Thankfully another opportunity showed up. I decided to travel south once again to Tuscany last Thursday and join my club’s sprint group for a 10-day training camp. I am the only thrower making the trip from Zurich, but since I often train alone in Zurich I do not mind. Plus, I occasionally have a training partner here since Olympic silver medalist Nicola Vizzoni lives nearby. Read more

Meet Review: European Cup Winter Throwing 2013

Last weekend I travelled to Castellón, Spain for the annual European Cup Winter Throwing. After a mediocre start to the season last week, I was hoping for more in Spain. But it didn’t happen for me this week.

The new national team uniforms feature my employer UBS as the top sponsor.

The new national team uniforms feature my employer UBS as the top sponsor.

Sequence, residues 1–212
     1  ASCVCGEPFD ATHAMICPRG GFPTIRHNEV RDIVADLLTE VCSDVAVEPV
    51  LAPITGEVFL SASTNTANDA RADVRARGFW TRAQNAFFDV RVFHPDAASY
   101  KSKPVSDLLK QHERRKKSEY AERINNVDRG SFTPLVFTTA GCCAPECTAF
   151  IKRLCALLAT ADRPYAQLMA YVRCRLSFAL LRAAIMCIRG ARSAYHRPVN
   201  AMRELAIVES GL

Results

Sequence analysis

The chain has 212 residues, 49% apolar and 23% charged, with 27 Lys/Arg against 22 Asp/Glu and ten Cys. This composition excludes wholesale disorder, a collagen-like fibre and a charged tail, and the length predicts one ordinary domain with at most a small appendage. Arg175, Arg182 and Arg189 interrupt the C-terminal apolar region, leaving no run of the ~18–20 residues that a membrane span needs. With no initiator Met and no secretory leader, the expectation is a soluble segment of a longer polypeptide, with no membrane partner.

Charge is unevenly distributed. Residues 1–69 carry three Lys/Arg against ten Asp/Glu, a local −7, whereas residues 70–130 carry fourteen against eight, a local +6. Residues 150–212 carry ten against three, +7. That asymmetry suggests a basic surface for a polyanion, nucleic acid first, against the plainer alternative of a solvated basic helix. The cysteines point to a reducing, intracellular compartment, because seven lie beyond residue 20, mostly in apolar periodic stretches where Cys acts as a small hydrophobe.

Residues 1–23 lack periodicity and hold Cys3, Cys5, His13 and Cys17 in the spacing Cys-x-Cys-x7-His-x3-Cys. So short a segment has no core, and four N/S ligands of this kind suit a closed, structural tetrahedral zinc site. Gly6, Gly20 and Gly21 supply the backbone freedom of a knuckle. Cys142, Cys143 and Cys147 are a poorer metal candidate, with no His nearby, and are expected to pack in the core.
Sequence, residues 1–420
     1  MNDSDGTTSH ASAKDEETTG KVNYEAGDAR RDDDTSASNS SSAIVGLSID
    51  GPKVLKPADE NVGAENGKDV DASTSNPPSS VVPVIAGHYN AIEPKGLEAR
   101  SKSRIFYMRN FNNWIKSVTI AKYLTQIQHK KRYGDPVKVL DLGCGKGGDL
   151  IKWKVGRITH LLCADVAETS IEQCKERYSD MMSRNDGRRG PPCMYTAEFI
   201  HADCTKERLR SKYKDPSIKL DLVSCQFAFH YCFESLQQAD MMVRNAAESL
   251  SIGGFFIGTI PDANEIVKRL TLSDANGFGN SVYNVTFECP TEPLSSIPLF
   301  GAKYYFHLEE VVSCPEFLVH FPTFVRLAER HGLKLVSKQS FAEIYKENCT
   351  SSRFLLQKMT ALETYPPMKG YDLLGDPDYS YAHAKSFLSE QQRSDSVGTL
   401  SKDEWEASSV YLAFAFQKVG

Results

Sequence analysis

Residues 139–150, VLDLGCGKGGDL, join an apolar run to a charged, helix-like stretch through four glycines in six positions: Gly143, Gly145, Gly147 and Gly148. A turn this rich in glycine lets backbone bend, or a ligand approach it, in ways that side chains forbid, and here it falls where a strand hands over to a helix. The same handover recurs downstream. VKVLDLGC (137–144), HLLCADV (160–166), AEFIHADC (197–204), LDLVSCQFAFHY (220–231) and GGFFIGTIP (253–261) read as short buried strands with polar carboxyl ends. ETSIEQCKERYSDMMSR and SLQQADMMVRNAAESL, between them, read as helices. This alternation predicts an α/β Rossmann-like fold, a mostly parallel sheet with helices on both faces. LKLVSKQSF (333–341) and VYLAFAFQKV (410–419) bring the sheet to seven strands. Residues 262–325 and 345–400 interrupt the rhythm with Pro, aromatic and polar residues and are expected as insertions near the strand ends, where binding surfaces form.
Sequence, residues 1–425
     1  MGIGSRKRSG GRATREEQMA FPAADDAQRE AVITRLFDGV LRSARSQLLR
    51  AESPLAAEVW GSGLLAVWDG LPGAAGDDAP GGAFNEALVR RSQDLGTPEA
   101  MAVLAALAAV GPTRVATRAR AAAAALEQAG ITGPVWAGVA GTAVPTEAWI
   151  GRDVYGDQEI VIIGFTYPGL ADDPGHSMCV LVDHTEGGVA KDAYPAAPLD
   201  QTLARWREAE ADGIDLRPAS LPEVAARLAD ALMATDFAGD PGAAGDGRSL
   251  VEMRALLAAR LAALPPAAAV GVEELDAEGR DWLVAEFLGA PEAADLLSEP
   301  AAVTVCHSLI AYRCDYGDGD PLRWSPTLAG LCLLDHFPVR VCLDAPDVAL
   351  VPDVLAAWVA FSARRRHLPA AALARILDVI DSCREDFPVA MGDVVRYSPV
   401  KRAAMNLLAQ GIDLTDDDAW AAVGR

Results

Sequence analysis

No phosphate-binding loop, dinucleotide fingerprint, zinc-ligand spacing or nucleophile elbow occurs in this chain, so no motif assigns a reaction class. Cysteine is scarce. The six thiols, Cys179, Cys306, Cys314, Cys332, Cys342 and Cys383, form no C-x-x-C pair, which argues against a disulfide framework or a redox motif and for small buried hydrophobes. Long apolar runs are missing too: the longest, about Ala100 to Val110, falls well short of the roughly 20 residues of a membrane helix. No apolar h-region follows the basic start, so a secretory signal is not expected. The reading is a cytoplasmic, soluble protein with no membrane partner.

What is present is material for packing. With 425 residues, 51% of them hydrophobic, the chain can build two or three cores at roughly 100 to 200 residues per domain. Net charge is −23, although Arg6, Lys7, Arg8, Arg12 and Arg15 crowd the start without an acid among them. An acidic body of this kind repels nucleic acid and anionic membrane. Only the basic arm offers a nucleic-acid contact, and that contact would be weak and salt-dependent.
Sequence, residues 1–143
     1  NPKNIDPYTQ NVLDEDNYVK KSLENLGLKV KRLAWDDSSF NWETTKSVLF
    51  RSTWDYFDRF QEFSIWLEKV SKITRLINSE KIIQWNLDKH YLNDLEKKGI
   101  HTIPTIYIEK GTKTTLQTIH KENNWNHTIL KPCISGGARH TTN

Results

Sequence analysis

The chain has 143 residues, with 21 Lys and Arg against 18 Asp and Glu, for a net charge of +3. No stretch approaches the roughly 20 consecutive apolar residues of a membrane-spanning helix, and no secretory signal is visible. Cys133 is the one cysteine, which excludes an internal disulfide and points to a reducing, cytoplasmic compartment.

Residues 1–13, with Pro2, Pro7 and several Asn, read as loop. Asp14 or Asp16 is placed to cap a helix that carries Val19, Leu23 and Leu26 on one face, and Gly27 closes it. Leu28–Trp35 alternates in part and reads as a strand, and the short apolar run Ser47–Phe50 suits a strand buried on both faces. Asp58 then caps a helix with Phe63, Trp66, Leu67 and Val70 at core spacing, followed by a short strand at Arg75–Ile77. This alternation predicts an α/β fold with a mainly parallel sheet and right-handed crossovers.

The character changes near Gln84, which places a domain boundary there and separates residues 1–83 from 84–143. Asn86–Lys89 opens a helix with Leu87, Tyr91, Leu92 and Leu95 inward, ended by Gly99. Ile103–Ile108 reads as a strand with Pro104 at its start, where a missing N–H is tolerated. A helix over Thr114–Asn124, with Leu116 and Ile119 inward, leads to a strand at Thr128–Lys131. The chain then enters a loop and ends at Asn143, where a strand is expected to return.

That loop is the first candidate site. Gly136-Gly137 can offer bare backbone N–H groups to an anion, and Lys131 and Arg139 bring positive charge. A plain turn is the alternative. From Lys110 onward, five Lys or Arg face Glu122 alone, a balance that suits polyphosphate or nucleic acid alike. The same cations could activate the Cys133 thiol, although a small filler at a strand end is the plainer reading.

I’ve been searching for a reason why my result was so bad and I still can’t put my finger on it. As a result, I am still quite frustrated two days later. Normally I can point to my technique as the problem, but surprisingly my technique was improved compared to last week and much closer to what I’ve been doing in training. I can point to a dozen things that may have contributed: too much overtime, strong winds, slow competition, tense arms, etc. But even all those points still don’t add up. I threw just 61 meters. Even in bad conditions with little rest I should be able to throw a few meters better. It would be best to forget it all and move on, but as much as I try it is more difficult than normal since I cannot just point to what went wrong. I feel completely exhausted now, but I have two months until the regular season starts. I will keep on the same path with faith that this was just a bad day and everything will line up by then. And with the pre-season now over we will get back to regular programming on this site: more talk about training and less talk about me.